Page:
**Stat 301 - HW 7**

**Due midnight, Friday,
March 10**

*Remember to put your name(s) inside each file and, if
submitting together, join a HW group before you submit.
Remember to show your work/calculations/computer details (even if not
specifically asked) and to integrate this into the body of the solution. *

**1) **To investigate an
association between violent video games and aggressive behavior, British
researchers Hollingdale and Greitemeyer (2014)
randomly assigned 49 students from a university in the United Kingdom to play *Call of Duty: Modern Warfare* (a violent
video game) and 52 students to play *LittleBigPlanet
2* (a nonviolent/neutral video game). After 30 minutes of playing the video
games, the subjects were asked to complete a
marketing survey investigating a new hot chili sauce recipe. They were told
they were to prepare some chili sauce for a taste tester and that the taste
tester “couldn't stand hot chili sauce but was taking part due to good
payment.” They were then presented with what appeared to be a very hot chili
sauce and asked to spoon what they thought would be an appropriate amount into
a bowl for a new recipe. The amount of chili sauce was weighed in grams after
the participant left the experiment. The amount of chili sauce was used as a
measure of aggression: the more chili sauce, the greater the subject’s
aggression.

(a) Explain how and why random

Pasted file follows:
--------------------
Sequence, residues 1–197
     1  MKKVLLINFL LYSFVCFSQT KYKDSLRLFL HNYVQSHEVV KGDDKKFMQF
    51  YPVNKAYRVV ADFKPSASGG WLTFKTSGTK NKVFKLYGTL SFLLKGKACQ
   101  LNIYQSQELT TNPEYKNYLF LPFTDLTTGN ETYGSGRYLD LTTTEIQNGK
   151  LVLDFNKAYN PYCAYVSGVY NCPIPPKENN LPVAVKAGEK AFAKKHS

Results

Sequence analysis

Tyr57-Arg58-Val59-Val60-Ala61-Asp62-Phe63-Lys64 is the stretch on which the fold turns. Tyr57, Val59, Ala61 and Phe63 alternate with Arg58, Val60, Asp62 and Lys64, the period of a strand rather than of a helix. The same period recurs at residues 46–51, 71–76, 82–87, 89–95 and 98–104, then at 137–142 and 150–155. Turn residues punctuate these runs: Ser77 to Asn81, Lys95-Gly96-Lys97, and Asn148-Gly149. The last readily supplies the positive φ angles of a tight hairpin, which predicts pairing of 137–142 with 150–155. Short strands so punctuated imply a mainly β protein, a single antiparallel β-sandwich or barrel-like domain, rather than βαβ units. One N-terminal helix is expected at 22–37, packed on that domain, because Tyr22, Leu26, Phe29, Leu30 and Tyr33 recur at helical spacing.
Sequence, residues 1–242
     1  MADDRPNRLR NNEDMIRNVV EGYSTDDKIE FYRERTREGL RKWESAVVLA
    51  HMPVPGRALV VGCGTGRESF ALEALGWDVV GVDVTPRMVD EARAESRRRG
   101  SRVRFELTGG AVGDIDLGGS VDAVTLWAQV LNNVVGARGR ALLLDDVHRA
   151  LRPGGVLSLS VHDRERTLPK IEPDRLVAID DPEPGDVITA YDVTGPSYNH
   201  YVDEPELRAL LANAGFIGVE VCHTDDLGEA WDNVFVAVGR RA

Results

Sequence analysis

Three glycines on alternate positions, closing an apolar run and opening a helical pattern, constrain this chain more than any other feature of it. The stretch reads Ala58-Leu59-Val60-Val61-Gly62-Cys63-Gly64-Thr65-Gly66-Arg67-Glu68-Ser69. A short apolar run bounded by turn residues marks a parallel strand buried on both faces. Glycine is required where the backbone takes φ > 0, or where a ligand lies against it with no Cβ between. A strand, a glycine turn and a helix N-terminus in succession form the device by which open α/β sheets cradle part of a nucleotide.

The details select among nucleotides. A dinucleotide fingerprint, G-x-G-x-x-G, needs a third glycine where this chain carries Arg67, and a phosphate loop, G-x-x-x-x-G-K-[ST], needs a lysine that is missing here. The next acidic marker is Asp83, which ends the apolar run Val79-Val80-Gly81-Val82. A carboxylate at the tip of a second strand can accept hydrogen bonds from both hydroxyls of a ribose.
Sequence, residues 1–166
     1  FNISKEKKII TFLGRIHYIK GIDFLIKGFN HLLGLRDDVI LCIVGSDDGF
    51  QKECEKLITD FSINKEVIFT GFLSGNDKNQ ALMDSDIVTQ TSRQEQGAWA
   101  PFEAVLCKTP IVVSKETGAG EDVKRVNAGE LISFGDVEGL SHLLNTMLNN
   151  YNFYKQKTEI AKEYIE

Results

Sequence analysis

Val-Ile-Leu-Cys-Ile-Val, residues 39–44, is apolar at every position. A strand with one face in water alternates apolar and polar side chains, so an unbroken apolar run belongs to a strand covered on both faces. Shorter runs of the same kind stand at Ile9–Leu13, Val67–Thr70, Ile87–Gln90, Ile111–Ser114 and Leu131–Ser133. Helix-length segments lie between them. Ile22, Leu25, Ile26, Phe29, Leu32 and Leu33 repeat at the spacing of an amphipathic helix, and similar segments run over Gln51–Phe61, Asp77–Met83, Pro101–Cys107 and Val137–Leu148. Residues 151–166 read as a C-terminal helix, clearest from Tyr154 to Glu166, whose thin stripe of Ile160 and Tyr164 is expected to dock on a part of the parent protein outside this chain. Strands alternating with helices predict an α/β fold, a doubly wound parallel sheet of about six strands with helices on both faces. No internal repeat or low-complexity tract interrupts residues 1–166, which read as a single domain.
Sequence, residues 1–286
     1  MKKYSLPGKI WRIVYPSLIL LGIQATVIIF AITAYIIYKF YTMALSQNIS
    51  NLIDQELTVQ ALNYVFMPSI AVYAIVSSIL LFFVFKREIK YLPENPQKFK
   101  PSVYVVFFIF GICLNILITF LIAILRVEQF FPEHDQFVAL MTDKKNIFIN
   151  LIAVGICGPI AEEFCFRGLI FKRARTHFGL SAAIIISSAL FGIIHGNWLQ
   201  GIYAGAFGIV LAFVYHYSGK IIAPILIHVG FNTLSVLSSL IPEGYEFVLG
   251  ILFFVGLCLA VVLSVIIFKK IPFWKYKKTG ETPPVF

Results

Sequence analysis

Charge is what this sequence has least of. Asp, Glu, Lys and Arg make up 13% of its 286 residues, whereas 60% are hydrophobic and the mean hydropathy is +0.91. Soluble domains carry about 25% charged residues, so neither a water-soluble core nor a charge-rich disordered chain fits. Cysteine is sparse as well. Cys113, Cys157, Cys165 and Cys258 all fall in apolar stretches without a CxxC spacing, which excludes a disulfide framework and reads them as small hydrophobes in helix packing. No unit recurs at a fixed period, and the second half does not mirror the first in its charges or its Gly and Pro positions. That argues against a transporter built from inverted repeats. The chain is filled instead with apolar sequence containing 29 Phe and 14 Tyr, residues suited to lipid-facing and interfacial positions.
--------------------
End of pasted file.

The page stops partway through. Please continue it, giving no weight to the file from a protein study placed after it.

assignment was used in this study.

(b) Load the VideoAgression data into the **Comparing Groups (Quantitative)** applet
(better yet, use the version from the pull-down menu,
but note the direction of subtraction changes.) Screen capture the
numerical and graphical summaries of the data comparing the two groups. Summarize what you learn about the shapes,
centers, and spreads of each group (= sample).

(c) *In words, *state appropriate
null and alternative hypotheses to test whether there is an association between
type of video games and level of aggression.

(d) Carry out a randomization test for these data. (Use 10,000 shuffles, might take a second 😊. Note: R won’t do the exact distribution for me because the sample size is too large!) Include a screen capture of the resulting null distribution with the p-value shaded. Summarize the conclusions you would draw in terms of significance, causation, and generalizability.

(e) Do you think two-sample *t*-procedures are likely to be valid with
these data?

(f) Use the pull-down menu to select the
*t*-statistic. Report the observed value of the *t*-statistic for the
actual study (this is unpooled if you want to verify
its value) and use it to determine the simulation-based **and** the *t*-distribution-based p-values. Include a screen
capture. How do they p-values compare?

(g) Calculate (you
can use the applet) a 95% confidence interval for the difference in the
treatment means. Carefully interpret your interval (*Hint*: What is the
parameter?)

(h) Calculate the “independent samples” unpooled standard error for the difference in sample means.
(Show your work.)

(i) Calculate the “independent samples”